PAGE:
Review: Fairmont Maldives
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Review: Fairmont Maldives

A slice of paradise, working towards a more sustainable future

Secreted away on one of Maldives’ furthest flung atolls, the picturesque island of Sirru Fen Fushi (which translates as ‘Secret Water Island’ in the local language) hosts Fairmont Maldives, an unforgettable luxury villa resort that’s working to save the ocean, too.

Review: Fairmont Maldives

fairmont maldives


My first glimpse of Fairmont Maldives came with a soundtrack of whirring propellers, as the red-and-white Trans Maldivian seaplane emerged from the clouds and circled an azure teardrop of colour in the middle of the inky blue Indian Ocean.

As we descended, the pilot’s bare foot guiding us into a turquoise lagoon, I started to make out the island’s pearly white sand, fringed with luscious green palms and dense mangroves. With a splash the seaplane touched down, taxiing through the waves towards a wooden jetty where the island’s staff were lined up to welcome us with Maldivian drumming and an ice-cold glass of Veuve Clicquot.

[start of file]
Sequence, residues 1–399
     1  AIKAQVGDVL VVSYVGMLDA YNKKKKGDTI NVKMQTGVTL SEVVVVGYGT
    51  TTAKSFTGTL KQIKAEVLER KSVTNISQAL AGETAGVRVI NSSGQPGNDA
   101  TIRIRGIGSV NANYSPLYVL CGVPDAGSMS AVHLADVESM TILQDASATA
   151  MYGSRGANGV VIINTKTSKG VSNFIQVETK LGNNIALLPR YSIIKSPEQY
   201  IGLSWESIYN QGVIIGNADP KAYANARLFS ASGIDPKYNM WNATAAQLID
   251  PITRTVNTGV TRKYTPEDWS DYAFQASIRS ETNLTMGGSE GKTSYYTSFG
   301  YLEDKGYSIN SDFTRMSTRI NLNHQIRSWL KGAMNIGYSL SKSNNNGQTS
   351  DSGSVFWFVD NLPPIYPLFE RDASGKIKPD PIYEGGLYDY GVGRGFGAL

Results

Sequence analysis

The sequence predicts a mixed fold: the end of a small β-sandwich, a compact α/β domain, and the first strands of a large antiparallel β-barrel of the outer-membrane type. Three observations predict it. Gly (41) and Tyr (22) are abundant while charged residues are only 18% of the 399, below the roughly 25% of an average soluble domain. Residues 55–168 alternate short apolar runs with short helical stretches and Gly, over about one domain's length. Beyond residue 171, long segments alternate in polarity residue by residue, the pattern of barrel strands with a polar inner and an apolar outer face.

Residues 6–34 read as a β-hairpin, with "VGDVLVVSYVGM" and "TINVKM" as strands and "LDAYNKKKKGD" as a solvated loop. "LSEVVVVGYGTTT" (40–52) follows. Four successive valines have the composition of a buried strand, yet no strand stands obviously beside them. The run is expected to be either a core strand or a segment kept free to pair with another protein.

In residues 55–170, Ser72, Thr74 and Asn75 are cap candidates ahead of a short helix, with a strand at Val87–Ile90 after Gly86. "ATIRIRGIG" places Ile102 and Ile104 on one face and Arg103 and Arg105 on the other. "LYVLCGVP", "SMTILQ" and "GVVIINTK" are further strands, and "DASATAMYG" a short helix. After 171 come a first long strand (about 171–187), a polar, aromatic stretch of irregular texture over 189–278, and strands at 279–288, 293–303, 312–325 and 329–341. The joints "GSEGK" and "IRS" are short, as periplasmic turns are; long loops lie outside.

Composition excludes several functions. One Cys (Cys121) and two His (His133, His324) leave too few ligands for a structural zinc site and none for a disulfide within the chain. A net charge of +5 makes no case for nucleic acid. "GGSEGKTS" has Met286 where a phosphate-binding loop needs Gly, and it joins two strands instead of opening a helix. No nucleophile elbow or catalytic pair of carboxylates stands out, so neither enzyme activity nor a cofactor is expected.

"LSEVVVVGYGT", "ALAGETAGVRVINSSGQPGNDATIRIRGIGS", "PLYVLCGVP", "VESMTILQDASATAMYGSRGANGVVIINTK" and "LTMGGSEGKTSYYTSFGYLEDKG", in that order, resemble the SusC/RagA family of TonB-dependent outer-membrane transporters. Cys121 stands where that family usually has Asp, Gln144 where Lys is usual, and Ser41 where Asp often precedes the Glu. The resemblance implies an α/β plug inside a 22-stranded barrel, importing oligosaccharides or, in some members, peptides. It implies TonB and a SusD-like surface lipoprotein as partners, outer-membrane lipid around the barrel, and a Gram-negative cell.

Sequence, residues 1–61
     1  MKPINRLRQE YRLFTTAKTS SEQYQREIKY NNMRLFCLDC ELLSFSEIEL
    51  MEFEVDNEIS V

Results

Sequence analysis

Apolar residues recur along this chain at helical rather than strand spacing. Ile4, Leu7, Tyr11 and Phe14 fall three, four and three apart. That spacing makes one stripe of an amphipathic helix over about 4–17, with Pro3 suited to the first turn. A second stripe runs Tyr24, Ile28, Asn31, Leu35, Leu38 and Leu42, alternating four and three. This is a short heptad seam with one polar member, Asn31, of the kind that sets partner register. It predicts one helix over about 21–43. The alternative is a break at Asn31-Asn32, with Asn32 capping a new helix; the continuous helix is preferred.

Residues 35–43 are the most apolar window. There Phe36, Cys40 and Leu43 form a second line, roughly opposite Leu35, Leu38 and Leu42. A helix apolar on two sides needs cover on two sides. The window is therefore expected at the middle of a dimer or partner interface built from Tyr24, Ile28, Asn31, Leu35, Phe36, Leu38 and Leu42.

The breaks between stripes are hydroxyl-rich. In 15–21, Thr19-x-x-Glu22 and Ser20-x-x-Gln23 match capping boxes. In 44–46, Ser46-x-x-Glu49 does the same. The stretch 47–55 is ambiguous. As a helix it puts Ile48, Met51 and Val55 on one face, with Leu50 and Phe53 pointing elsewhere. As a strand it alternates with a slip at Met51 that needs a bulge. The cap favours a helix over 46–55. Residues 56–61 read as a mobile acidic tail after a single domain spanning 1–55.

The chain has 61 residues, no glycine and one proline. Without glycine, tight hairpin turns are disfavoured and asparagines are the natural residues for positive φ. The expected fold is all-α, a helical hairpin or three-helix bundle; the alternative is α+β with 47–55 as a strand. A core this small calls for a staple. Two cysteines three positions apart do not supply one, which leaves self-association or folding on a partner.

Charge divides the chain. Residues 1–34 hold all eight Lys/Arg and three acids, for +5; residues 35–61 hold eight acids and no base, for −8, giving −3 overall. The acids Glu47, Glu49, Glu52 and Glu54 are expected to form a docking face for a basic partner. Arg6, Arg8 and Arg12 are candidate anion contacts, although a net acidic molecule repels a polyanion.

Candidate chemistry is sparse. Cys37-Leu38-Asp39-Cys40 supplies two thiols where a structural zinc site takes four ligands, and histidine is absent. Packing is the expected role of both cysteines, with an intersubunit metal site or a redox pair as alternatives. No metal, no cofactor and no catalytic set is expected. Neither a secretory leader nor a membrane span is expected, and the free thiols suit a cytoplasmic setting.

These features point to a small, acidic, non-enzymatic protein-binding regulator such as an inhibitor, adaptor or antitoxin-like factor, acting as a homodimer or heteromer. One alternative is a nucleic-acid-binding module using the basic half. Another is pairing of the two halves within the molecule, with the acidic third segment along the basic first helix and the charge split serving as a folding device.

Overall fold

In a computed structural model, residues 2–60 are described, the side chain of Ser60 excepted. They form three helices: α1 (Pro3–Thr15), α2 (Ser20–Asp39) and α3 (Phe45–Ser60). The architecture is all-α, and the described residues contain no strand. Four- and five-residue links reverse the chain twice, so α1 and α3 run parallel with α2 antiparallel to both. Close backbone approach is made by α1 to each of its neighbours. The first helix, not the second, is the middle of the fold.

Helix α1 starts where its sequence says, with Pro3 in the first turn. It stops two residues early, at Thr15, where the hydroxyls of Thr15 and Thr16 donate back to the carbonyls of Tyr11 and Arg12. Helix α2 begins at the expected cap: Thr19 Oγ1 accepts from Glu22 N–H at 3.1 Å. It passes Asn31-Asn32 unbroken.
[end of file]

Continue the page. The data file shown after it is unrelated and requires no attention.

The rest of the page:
Here, I was introduced to my butler, who whisked me into an electric buggy, and off down sandy, shaded paths to reach my villa. There are several options to choose from at Fairmont Maldives, from sun-kissed beach cabins to tranquil tented jungle homes and idyllic over-water bungalows.

Fairmont Maldives sunset villa

A sunset beach villa

My one-bedroom sunset beach villa was just a hop and a skip from the sparkling, bathwater-warm ocean, the ivory sand dotted with exploring hermit crabs. Inside, the cloud-like super-king bed was adorned with an intricate decorative net, hung from the traditional Maldivian thatched roof. The cool marble floor lead back into matching dressing rooms-cum-bathrooms, with a separate walk-in shower and loo. A door at the back revealed a secret garden, with a huge bathtub and shower, for luxurious (and totally private) al-fresco bathing under the shade of the palm trees.

Throughout all the villas on the island, the interiors are inspired by traditional Maldivian design, crafts and textiles, capturing the area’s distinctive local spirit. Outside, a plunge pool looked through a gap in the mangroves straight onto the Indian Ocean. As soon as I arrived, I swapped my Vans for bare feet and flip flops, and didn’t put them on again until the plane home.